CHARLESTON, W.Va. – House Speaker Tim Armstead, R-Kanawha, today announced his leadership team has continued its commitment to streamline the staff structure for the House of Delegates over the past three years, saving taxpayers more than $1.2 million in payroll costs over that time.
“Since taking over in 2015, Republican leadership has been determined to make government more efficient, and has led by example with its management of the Legislature,” Speaker Armstead said. “We know that every dollar spent by government is a dollar that’s been taken out of the pockets of our hard-working taxpayers, and we want to make sure they’re getting the most out of that money.”
On Wednesday, the House passed House Resolution 1, the annual resolution authorizing the appointment and payment of employees for the coming year.
In 2014, prior to the Republican majority, the House had 49 full-time employees, 68 per diem employees and an annual employee payroll of $3,121,075. This year the House will have 43 full-time employees, 52 per diem employees and an annual payroll of $2,701,858 – a reduction of six full-time employees, 16 per diem employees and $419,217 in reduced annual payroll costs compared to 2014, and $50,200 less than last year’s payroll costs.
The streamlining effort has saved a total of $1.26 million in payroll costs since 2014.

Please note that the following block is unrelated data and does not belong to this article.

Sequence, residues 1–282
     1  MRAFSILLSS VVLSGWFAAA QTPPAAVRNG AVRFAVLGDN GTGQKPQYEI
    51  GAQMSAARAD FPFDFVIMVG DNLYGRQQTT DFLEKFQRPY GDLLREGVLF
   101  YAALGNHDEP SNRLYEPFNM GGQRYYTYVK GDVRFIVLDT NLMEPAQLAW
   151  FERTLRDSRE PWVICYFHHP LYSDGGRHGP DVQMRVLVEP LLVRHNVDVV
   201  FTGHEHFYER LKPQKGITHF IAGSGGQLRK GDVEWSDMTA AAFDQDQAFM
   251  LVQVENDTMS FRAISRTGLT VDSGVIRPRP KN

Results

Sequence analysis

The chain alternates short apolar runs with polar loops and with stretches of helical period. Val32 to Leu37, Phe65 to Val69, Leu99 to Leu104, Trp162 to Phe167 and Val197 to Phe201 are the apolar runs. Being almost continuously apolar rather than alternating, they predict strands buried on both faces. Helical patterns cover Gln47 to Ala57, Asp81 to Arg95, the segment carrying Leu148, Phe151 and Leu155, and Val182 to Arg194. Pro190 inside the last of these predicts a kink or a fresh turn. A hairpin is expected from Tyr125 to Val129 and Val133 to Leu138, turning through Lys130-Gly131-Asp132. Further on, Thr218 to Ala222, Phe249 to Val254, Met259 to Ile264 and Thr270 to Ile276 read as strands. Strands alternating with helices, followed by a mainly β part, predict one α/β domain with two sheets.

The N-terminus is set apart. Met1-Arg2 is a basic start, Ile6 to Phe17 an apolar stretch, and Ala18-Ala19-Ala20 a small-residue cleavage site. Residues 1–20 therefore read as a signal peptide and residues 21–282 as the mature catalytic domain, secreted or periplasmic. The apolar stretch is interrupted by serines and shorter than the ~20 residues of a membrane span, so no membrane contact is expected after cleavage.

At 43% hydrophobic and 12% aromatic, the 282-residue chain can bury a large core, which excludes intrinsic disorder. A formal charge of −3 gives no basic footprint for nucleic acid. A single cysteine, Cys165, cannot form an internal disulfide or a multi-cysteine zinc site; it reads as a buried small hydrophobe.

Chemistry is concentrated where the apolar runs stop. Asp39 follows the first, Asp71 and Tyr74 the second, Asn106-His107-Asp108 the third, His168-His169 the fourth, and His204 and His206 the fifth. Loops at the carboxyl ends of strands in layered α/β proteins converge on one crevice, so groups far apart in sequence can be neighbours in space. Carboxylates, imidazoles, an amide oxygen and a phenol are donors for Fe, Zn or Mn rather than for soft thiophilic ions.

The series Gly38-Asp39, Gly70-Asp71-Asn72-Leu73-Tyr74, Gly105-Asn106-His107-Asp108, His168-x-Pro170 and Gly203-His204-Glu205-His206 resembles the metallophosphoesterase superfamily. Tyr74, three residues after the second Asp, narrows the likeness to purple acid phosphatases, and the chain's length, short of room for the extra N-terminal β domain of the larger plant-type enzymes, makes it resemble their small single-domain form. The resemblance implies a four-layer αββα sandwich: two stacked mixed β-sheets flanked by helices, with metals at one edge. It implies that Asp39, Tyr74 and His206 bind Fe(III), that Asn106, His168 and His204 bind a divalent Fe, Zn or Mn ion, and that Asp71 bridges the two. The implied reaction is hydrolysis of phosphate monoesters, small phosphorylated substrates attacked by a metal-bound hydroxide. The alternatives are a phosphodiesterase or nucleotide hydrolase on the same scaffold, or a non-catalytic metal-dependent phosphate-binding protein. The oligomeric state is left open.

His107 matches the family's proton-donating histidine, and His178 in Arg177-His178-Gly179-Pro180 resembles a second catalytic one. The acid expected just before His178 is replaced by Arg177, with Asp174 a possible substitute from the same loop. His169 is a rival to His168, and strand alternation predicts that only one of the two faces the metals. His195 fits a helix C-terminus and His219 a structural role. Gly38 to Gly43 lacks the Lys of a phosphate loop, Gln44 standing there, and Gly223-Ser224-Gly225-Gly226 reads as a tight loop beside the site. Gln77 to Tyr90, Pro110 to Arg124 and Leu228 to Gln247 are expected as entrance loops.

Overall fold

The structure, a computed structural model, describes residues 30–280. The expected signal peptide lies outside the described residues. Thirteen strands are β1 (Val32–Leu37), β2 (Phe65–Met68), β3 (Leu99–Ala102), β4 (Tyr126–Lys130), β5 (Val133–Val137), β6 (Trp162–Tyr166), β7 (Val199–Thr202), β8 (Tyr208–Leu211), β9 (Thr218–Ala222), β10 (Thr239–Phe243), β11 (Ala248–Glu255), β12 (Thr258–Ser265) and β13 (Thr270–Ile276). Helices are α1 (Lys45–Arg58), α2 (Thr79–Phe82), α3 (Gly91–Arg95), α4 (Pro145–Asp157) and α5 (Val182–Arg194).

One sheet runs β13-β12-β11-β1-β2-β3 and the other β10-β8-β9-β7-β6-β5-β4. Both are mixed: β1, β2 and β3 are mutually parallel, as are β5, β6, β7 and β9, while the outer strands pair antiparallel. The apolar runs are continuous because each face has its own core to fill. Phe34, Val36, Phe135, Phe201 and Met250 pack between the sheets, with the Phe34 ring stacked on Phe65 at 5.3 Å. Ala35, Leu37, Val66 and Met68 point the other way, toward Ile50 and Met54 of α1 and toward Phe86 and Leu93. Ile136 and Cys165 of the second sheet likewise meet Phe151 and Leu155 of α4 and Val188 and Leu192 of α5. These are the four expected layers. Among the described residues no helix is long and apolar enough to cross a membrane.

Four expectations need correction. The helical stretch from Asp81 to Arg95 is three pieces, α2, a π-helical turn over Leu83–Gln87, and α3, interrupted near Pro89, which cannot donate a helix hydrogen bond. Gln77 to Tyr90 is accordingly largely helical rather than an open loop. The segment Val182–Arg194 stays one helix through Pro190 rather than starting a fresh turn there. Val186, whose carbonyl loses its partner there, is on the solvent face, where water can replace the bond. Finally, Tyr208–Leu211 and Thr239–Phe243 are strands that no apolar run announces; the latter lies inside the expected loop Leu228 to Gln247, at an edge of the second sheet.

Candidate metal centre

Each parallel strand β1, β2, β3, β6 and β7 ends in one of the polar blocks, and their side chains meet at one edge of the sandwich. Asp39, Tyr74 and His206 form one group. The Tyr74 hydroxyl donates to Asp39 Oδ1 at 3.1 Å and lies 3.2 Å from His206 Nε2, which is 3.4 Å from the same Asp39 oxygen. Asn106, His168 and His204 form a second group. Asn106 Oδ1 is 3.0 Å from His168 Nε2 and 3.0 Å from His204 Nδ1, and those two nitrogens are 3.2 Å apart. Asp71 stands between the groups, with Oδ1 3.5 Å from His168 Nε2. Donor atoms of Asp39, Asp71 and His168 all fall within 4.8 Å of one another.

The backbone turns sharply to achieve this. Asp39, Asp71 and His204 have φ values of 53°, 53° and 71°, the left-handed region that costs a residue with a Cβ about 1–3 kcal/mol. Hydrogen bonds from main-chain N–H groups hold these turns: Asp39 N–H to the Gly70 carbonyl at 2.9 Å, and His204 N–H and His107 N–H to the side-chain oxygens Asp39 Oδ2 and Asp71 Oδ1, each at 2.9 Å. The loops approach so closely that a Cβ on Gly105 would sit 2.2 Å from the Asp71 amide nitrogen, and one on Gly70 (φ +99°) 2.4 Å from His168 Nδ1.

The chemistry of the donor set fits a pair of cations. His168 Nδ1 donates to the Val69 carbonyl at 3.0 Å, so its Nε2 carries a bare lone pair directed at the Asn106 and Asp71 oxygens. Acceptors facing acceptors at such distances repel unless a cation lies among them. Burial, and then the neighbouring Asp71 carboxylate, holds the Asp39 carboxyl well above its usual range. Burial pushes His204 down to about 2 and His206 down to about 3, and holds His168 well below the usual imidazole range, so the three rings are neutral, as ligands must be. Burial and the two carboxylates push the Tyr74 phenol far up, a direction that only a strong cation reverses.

Those totals are strictly salary costs and do not include payment of additional benefits, such as employer insurance and retirement contributions, which would significantly increase the total overall savings.
“These savings are not just the result of efficient management, but have been accomplished through the hard work and productivity of the dedicated employees who work for the House of Delegates,” Speaker Armstead said. “Our employees work long hours and go above and beyond what’s required to assist lawmakers and serve our citizens, and I commend them for the excellent work they do.”
The reductions have been part of a multi-year effort to trim the House’s payroll costs. The annual payroll savings come on top of savings reaped from streamlining the interim committee process and reducing compensation for lawmaker and staff travel.
“While our state’s budget picture is starting to get brighter, thanks to the tough decisions we’ve made over the past few years, that will not stop our efforts to make sure government is operating as efficiently as possible,” Speaker Armstead said. “We hope all agencies will follow our lead and find ways to control costs and ensure our taxpayers’ hard-earned money is being spent as wisely as possible.”